Don't be Afraid of the Dark


By Caroline Knight

There are a lot of assumptions made in modern times about the meaning and/or necessity of darkness. Dark is frequently equated with ‘bad’ and we strive for the ‘light’ or ‘good’, rejecting anything external that we perceive as dark. Dark is evil; it’s not our orientation, so we reject it.

If you display anger in public, it better be righteous anger; for instance, anger related to global atrocities. Anger that confirms your orientation as a compassionate person who fights for the planet is more acceptable, apparently. Even then, this may be rejected by those so convinced that only light or positivity is acceptable.

The attitude is this: ‘God’ forbid you lose it publicly, and especially over something personal. Crying in public… well, that’s just too uncomfortable for most witnesses. Get angry in public over something personal, and you’re just plain wrong. It’s not spiritual, not the done thing. Consider this, then:

The ability to hold Light is directly proportional to the courage to see darkness. Choosing to see just one creates distortions and illusions. It amazes me that something so simple and common sense can be so difficult to even discuss with ‘spiritual’ people who insist on remaining ‘positive’. Actually, this avoidance is based on unacknowledged fear that their inner light might be somewhat ‘dispersed’ by seeing darkness and therefore not giving the light much credit at all. I think there’s also fear that they might somehow become ‘tainted’ or the darkness might ‘manifest’ in some form in their lives. But the opposite is true; it is the fear, especially unacknowledged, that has much more chance to manifest than darkness exposed to daylight and investigation. Just like we must be fearless about our own inner shadow, we must also be fearless about seeing this huge shadow of humanity. Or we will have the power to transform precisely nothing, within or without.
— Anis Springate

I’m not suggesting you yell at whoever annoys you. I’m not suggesting you become a tannoy-wielding human rights activist either; unless you want to. What I’m saying is that there is no harm in knowing your orientation. You feel positive, so you want to be positive in all areas of your life? That’s great. Positivity is certainly a lot more comfortable for all involved than negativity – provided that it is done from a place of awareness rather than denial.

Without bad, how do you know you’re good?

Were you born positive? Was every moment of your life shining with positivity? Probably not. Which were the most educational moments of your life? I would guess at the ones that provided context. Contrast. Without night, you have nothing to compare day to. Without ‘bad’, how do you even know that you’re ‘good’?

Before we reject that innate part of ourselves, that unhealed part that wants to scream at a parent, judge someone’s behaviour, say something mean to a colleague, cry in public, etc.; let’s remember that we have all possibilities within us. Everything from a murderer to a ‘saint’. The choice is ours. If you know you could never be a murderer, that’s because you are either certain of your orientation or you can’t imagine being subject to such circumstances – it doesn’t mean the possibility is not there.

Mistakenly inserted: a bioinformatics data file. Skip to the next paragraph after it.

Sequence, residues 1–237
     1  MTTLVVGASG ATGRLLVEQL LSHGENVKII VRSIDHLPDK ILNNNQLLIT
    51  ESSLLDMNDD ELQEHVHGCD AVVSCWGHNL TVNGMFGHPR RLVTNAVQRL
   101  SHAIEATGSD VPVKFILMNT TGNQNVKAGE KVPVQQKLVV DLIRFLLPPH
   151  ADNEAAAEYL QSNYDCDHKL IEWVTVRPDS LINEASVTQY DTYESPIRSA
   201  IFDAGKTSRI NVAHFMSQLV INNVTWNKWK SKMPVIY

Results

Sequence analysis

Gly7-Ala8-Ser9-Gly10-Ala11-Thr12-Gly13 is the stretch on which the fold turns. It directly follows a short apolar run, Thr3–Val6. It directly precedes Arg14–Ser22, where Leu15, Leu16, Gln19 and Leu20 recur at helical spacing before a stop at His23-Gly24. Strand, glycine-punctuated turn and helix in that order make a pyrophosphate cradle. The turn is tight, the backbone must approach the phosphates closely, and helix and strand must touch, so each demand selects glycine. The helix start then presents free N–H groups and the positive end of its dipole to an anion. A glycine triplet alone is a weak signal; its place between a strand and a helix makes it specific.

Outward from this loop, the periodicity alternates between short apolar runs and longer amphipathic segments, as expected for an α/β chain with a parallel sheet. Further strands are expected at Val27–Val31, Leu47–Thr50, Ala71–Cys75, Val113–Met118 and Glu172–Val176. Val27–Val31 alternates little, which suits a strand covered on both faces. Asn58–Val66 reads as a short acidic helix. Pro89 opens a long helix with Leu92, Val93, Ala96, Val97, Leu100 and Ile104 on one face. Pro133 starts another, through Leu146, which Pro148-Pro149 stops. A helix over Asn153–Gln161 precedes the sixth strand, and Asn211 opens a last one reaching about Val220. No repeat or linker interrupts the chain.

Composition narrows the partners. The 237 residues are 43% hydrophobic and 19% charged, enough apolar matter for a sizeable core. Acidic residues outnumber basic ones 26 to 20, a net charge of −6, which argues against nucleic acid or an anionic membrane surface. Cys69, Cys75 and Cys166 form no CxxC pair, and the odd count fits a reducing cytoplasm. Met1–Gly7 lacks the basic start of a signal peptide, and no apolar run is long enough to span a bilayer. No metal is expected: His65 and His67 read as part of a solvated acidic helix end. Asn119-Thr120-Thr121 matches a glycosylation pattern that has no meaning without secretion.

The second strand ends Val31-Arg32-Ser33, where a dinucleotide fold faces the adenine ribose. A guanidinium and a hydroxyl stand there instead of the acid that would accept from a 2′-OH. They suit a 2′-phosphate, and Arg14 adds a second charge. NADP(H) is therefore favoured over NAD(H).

What a blessing it is to have the opportunity to be literally anything you want. It’s all the things that you didn’t want to be, but found that you were (at some point in the past) that make you what it is you want to be today.

Spiritual growth most often comes through pain


Spiritual growth so often comes through pain and challenge. Yes, sometimes it comes through the clarity of a blissful, soul-touching experience. Yet if you’ve ever looked back at a painful experience and been grateful that you overcame it, perhaps even seen why you needed to go through it, you can admit that the part of you that was resentful, angry and sad was not ‘wrong’. You needed to feel that pain so that you could establish balance in your life by healing from it.

Our unconscious motivations can and do wreak havoc on our lives if we aren’t committed to uncovering and healing them. There is no shame in having felt socially unacceptable feelings or having committed socially unacceptable acts through lack of awareness.

We have the ability to cry for a reason

Whatever imprint these traumas have left on your spirit, you might come to plant medicines (as one of many healing modalities) to heal them. The plant medicine experience may reflect exactly the process of spiritual growth described above. Conversely, it may clear energetic blockages out without active thought on your part; the teacher plants like ayahuasca know what you need and what will work best. Sometimes all you need is to let go. 

There are times when you have to visit your pain, really feel it to stop rejecting it. The creator gave us the ability to cry tears and feel anger and confusion for a reason. These are tools. ‘Dark’ feelings are your biggest teachers, and if accepted can propel you much more quickly to where it is you want to be.

This cathartic healing experience is what facilitates your awareness of yourself as a ‘light being’. If you’re reading this, no doubt that’s what you already are… perhaps you just need to remember.